The city, however, is not projecting the cost savings to be enough to completely offset the cost of moving to Borders. The current budget still calls for the move to cost the city an extra $69,000 over and above the projected cost-savings. The plan is for the $69,000 to come out of a nearly $770,000 contingency fund that is part of the $19 million budget for the library expansion.
• It doesn’t really have anything to do with the move, but while rummaging through the budget numbers for the library, I did find one interesting number: Current plans call for the project to spend $75,000 on public art.
The city long has had a policy to include public art as part of new public building projects. The idea informally has been called “A Percent for Art.” Once upon a time — I believe it was in the early 1990s — the idea was the city would spend 1 percent of the cost of a public building project on public art.
That was the idea but it never was written into city law as such. In other words, it is a guideline, not a requirement.
It will be interesting to see what the public’s reaction is to spending $75,000 on public art during this economy. I’m sure some folks will be disappointed that it is not more. After all, if you spent 1 percent, the total would be around $190,000. Some could argue that the city is spending a few million in public infrastructure dollars to help convert the area around the Poehler building in East Lawrence into an arts district, yet it won’t spend the full 1 percent to actually create a great piece of art.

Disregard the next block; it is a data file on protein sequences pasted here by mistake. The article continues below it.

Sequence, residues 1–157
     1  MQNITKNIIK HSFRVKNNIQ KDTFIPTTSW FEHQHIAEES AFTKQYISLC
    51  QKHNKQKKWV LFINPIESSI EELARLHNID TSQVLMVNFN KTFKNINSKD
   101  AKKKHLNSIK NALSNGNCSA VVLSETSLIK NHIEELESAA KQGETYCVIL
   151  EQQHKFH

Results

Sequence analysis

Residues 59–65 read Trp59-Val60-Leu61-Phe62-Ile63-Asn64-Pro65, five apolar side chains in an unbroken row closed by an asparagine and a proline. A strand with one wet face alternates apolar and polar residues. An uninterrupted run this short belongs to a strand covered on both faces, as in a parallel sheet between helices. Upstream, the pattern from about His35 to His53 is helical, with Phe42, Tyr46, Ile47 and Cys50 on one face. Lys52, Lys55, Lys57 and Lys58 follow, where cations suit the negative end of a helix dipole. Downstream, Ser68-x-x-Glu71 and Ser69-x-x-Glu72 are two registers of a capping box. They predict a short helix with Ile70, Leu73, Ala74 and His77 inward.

I’m also sure some will think it is an unneeded expense given everything else that is on the city’s plate. At some point, I suspect city commissioners somehow will have to bless the idea of spending $75,000 on public art.
In the meantime, it will be fun to watch what ideas come forward for an art project of that size. The city has the Lawrence Cultural Arts Commission, which I suspect will be involved in determining the specific project that is selected.
It also is fun to think of just how large a $75,000 public art project could be. Will this be the largest public art project in Lawrence? I don’t know, but I wouldn’t be surprised if it is. After all, the $19 million library expansion is one of the larger public building projects in recent memory. In the coming days, I’ll try to get a list of public art projects in Lawrence and how much they have cost.
But what is really fun to think about is this: What would a $540,000 public art project look like? And, oh yeah, what if it had a sewage theme?
At some point — not this year — the city still thinks it needs to build a $54 million sewage treatment plant south of the Wakarusa River. One percent of a $54 million public project is $540,000. I’m not suggesting that is going to happen, but it is fun to think about what a half-million dollar Ode de Toilet would look like.
Actually, I just thought about it. It’s not so fun after all.